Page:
Now we get to the nitty gritty. So. Much. Inconsistency. Let’s start with Tyreese’s attack. He’s bitten by Noah’s brother while zoned out in front of a picture of two strangers that he shouldn’t have spared more than a cursory glance. He’s gushing blood everywhere. Noah takes off for help without applying a tourniquet first (Noah was living in a hospital when we found him, boys and girls, where they brought victims in and presumably he observed people receiving first aid all the time). Tyreese sits and bleeds rather than applying his own tourniquet. Hi, I’m Tyreese and it’s my first day. Who are all these half-rotted people attacking me?
Noah takes so long finding help (in a space approximately the size of Woodbury) that Tyreese has time to hallucinate dead companions. One of them turns into another walker (again, who mysteriously ignored the first signs of life in the house). Tyreese goes for his hammer…drops it…grapples with the walker, shoves it back onto the bed..has a full six seconds (I counted) to retrieve the hammer about three feet away…but doesn’t. Has to fight the walker off again with his bare hands.
Tyreese is terrible at killing the living, a fact that’s as well established as how good he is at dispatching the dead (remember his suicide attempt by zombie herd that he walked out of?) To have us believe this level of ineffectualness, even given massive blood loss, is really pushing it, Walking Dead.
Noah finds the others, or rather they find him under attack, and Michonne takes her trademark katana swing at a walker’s neck. But oh no! It’s got a piece of rebar or something jutting out of its collarbone that deflects it. But instead of, I don’t know, trying again on the opposite side, or using one of a hundred other moves we’ve seen from her, she flails uselessly at it until Rick saves her. Hi, I’m Michonne. Why am I carrying this samurai sword?
Evidently Love Does Die
This brings me to the final, and worst, sin of this episode.
As I said, Tyreese is visited by six dead characters: Beth, Martin from Terminus, Bob, Lizzie and Mika, and The Governor. They talk to him while he’s bleeding in the house, and then all but Martin and The Governor take him away to the afterlife in the car at the end.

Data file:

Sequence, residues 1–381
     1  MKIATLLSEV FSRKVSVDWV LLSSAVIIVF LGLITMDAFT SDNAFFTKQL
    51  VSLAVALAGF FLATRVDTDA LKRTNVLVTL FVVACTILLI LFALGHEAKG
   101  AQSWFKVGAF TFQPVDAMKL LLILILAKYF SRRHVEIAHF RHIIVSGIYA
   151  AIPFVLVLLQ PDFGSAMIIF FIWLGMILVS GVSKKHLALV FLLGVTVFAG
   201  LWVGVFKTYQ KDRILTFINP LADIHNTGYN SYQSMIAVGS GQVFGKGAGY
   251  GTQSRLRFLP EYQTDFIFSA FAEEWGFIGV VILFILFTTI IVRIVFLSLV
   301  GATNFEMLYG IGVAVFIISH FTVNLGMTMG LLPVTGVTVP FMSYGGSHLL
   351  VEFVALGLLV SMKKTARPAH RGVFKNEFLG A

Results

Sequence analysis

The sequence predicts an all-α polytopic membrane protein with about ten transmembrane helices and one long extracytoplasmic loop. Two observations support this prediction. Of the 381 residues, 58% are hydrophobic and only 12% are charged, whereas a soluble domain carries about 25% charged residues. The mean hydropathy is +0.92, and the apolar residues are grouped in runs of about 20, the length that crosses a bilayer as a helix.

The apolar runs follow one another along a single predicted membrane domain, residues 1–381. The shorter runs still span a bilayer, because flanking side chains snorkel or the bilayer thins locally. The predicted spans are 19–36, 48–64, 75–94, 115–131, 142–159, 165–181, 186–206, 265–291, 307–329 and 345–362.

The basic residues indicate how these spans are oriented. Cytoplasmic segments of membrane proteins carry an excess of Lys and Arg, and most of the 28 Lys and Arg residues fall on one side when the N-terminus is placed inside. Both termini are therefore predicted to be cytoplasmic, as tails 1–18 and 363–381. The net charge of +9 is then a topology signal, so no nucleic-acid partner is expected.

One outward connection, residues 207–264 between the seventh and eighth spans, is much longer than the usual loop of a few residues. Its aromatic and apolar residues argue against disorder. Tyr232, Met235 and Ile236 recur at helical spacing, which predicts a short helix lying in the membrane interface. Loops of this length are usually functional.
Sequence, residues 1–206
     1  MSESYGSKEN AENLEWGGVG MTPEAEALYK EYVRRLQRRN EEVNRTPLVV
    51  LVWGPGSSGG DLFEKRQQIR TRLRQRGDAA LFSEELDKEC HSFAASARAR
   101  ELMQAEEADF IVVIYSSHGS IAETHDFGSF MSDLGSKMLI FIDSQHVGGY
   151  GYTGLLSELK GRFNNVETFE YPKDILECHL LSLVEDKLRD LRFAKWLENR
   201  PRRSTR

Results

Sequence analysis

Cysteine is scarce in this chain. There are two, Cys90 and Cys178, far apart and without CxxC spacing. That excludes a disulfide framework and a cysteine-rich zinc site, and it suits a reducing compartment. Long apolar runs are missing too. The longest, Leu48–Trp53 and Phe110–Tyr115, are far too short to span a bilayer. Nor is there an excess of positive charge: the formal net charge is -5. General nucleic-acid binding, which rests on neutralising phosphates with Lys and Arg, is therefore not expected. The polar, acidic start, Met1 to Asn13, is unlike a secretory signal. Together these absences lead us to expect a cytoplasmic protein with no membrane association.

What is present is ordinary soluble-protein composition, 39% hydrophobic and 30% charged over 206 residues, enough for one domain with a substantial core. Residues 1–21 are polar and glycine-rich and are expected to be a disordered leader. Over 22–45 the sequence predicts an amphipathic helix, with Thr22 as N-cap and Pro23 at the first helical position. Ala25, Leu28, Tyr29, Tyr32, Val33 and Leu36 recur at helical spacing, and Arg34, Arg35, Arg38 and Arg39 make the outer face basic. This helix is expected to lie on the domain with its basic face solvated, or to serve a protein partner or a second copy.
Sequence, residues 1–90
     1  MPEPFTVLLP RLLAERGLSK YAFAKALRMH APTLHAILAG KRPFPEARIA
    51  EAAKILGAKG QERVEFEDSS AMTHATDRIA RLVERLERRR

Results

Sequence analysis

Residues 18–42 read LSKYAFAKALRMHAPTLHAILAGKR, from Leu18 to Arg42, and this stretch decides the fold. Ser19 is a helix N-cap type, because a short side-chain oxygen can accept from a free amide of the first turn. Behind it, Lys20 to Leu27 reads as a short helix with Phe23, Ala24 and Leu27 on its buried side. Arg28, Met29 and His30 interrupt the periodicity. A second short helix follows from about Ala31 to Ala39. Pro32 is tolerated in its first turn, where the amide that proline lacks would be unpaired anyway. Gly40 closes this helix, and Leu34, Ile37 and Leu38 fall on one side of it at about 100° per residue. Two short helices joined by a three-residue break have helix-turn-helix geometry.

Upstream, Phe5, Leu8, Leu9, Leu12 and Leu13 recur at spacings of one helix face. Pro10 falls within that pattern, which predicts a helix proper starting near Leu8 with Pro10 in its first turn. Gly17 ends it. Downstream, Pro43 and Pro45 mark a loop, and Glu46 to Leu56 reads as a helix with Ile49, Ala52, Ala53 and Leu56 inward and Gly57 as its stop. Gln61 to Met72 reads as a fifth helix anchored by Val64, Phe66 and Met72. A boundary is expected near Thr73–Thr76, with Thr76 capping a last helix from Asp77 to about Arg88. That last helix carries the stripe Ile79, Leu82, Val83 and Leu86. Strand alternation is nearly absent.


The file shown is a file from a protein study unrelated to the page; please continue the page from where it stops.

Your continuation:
At first I thought it was a beautiful and fitting goodbye to the gentle giant that abhorred violence and was one of the last truly good, principled people left in the world.
Then Tery asked, “Where’s Karen?”
Too right. The person it makes the most sense for him to see, the person he was ready to kill for, the person whose reappearance would have delivered another enormous, gut-wrenching blow that the show is so good at; nowhere.
As I brushed my teeth to go to bed, I worked myself more and more into a fury over it.
Okay, everyone who visited him had obvious evidence of how they died, and no one wants to see a charred, blackened Karen crawling into the room. Except in the car they were all whole again. Next.
Maybe the actress had scheduling conflicts? But I’m picturing literally 20 seconds of screen time — maybe she’s driving instead of Beth, she looks back and smiles at him lovingly. How long would that take to shoot? Don’t even have to fly her in, do it in a studio and use that CGI that looks so good blowing walker heads apart.
I Googled, and found an interview with Chad Coleman. His two excuses were both lame: a) maybe Melissa Ponzio wanted too much money to do it (I had no idea she’d become such a big shot she could make demands on one of America’s hottest franchises), or b) the Karen thing was “played out” and these six people were fresh in his mind. Which means he forgot the script, which opens with him describing wanting to kill to avenge her, later he describes wanting to die after losing her, and later still The Governor sneers at him for forgiving Carol so easily for killing her. She’s ALL OVER THIS EPISODE. If she were any fresher in his mind, she’d be alive again.
That’s it then. It’s a shame too, because the episode has lots of beautiful imagery, with a stunning wrap-around funeral sequence, and the most attention Tyreese has ever gotten. It just seemed like a lot of dumb things had to happen, and a lot of established character traits had to be ignored, to make Tyreese die.